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Wood - the Symbolism of OGP

OGP Reporters / Members Contribute File Photos

Jun 22, 2016

The exquisite woodworking techniques - the carving, the solid joint structures, and the beautiful copper embellishments - all carry the spirit of its artist.

Woodworking is one of the finest and oldest skills belonging to mankind. It requires vast knowledge: from the selection of woods and the designing process, to the various techniques that help shape the raw wood into its final form - cabins, furniture, accessories... Woodworking skills has been developed through eras, and is an invaluable legacy for future generations. Every piece of woodwork tells a different story.

Collectibles from OGP include various woodworks - beautiful pieces of artistry.

The phoebe nanmu(1*), also known as the gold phoebe, is an endangered species of wood. It is captivating with its refreshing aroma, and brings tranquility to its owners through being cool in the summer and warm during winter. The quality is durable and is can be preserved for an extended period of time. Even in ancient times, the phoebe nanmu has been known for its resistance against water and ants. Throughout history, the phoebe nanmu has been exclusively reserved for use in building the royal palaces, temples, and their furnitures, including the royal seat of the emperor.

The exquisite woodworking techniques - the carving, the solid joint structures, and the beautiful copper embellishments - all carry the spirit of its artist. The carpenters use the skills learned from their ancestors to engrave hope and aspirations in their work. Traditional woodworking involves structural precision, different pieces are joined together without a single nail. This was developed to maintain the “law of nature” - the intrinsic yin and yang, as well as the “balance” stated by Taoism - all meant to imply the harmonious interaction between mankind and nature. During the Spring and Autumn Period and the Warring States Period, copper embellishments(2*) was seen to be incorporated in various furniture to add a touch of brightness. The embellishments helped produce furnitures that were more eye-catching and more artistic in a way. The final woodworks are given life through the fine detailing, but nevertheless go unnoticed if people do not know about the background stories or learn to enjoy the artistry.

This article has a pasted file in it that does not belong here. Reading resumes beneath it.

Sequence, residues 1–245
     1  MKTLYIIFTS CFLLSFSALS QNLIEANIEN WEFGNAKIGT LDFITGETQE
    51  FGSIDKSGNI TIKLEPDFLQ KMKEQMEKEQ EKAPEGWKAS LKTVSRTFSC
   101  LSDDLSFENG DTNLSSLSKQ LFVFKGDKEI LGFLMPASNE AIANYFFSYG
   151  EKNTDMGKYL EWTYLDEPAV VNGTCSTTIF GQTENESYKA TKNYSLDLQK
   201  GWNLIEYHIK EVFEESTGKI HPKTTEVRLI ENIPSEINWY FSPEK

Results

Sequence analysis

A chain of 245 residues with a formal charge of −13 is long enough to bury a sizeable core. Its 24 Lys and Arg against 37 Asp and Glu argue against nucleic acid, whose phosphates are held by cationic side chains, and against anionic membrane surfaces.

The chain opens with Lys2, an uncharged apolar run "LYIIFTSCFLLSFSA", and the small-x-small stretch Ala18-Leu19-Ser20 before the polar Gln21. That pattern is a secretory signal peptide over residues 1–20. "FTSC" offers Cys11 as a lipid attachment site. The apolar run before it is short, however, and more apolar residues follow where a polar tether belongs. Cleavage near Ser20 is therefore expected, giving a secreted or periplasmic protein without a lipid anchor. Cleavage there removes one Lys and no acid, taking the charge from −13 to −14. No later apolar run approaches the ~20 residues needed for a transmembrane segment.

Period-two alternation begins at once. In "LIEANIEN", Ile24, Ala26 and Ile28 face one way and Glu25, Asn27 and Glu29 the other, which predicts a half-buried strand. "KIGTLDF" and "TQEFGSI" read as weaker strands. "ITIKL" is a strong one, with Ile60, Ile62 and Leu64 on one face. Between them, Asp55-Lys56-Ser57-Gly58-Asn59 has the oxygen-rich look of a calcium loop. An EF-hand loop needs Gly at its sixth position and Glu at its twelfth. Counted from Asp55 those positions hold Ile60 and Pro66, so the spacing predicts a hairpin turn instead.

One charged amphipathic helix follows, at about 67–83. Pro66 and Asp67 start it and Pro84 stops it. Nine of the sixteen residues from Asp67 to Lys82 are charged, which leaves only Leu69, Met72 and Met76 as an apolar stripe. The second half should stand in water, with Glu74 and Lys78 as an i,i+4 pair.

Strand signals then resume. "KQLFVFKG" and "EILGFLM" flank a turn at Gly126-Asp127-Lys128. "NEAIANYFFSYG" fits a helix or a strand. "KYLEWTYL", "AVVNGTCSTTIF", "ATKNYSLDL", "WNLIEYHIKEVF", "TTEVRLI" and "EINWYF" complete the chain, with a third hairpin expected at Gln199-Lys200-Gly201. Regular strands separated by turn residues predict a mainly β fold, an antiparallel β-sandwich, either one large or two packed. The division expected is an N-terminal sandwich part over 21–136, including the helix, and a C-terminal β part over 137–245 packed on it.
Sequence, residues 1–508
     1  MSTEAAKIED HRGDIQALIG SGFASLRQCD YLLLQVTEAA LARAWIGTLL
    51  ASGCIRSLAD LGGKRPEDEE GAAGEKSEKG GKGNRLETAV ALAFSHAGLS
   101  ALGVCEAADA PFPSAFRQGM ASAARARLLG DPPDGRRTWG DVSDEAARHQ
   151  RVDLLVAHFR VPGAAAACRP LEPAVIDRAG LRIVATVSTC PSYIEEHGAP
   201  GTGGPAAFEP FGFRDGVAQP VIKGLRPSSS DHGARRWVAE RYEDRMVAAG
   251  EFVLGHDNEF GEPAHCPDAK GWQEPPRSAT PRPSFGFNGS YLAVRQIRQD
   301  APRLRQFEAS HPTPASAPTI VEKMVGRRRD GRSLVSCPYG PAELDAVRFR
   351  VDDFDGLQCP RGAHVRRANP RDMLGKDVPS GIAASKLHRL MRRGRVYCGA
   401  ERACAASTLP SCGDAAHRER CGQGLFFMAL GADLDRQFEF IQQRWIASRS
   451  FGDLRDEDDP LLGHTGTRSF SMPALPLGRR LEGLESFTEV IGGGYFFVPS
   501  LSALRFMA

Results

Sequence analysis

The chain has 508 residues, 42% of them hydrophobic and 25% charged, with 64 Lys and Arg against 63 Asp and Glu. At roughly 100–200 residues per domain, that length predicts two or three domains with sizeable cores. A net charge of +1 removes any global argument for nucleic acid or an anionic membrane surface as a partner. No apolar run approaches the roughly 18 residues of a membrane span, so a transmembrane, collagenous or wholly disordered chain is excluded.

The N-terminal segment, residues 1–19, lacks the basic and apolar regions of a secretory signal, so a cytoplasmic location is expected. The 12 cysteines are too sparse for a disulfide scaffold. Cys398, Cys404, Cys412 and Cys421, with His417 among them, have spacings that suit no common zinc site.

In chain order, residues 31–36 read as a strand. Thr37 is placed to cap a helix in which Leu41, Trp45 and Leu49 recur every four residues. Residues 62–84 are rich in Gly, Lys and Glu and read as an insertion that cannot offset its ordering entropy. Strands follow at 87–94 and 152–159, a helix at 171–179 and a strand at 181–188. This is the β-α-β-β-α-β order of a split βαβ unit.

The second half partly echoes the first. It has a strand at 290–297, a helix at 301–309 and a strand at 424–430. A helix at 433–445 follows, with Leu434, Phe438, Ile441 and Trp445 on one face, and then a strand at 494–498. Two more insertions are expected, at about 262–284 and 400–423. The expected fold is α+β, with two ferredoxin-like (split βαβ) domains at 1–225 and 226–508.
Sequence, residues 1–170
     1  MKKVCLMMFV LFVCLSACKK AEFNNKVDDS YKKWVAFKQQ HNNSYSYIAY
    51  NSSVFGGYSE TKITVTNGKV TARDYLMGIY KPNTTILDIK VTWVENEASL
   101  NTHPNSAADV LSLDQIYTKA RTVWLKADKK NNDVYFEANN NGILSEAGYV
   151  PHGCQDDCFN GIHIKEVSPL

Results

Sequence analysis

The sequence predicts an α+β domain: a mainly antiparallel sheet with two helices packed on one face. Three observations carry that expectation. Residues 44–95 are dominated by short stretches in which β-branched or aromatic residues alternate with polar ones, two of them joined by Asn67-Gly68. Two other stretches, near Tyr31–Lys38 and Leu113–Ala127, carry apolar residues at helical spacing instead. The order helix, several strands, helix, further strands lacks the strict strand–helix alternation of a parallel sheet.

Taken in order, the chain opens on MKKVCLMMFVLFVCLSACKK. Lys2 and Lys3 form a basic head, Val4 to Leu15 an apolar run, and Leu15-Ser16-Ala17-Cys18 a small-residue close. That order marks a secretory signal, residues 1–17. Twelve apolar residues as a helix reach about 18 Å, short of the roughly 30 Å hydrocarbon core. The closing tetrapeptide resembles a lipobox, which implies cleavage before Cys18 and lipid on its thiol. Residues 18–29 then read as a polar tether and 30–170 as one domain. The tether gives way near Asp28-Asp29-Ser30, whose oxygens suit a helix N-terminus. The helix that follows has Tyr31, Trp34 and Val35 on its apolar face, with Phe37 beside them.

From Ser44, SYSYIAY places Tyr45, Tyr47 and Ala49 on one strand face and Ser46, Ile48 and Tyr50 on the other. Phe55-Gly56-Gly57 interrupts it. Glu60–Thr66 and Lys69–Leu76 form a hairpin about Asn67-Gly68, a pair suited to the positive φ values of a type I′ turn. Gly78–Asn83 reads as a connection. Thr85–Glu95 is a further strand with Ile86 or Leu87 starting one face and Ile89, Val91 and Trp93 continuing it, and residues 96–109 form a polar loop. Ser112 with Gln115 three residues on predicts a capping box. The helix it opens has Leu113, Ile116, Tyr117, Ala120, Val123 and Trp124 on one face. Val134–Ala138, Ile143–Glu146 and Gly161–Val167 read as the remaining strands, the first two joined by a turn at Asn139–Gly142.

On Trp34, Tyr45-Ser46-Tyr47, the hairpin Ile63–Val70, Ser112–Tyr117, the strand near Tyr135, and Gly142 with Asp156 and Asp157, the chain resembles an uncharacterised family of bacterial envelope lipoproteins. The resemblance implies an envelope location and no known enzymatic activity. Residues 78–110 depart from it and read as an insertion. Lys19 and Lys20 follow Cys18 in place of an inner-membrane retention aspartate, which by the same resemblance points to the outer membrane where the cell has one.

The growth of wood requires water. As the saying states, “The highest goodness is like water; the superior man who has breadth of character carries the outer world.”(3*) OGP is like water, having the capacity to hold the countless unimaginable things. We envision the preservation of history and culture that have been lost over time - the knowledge, the artistry, the creations, the talent - of not only woodworking, by providing a stage for them to be shared with the world. We provide resources - the water - to our members to help them acquire their needs: knowledge, networks, wealth...

Note:
1* Phoebe Zhennan is a large species of tree up to 30 metres tall in the Lauraceae family. Zhennan was originally a Chinese word that related to its Chinese name 楠 (Nan). The species is under second-class national protection in China.
2* Classic and traditional-style wooden furnitures, such as those made from the phoebe nanmu, red sandalwood, and huanghuali, were all created using the techniques inherited from the Ming and Qing dynasties. Every piece is top-quality and handmade.
3* The water is formless - it can be shaped into any form, any shape, any size; it also has the capacity to hold infinity. One must act like the water towards another, to be tolerant and forgiving to other people, and use that knowledge and experience to become wiser.

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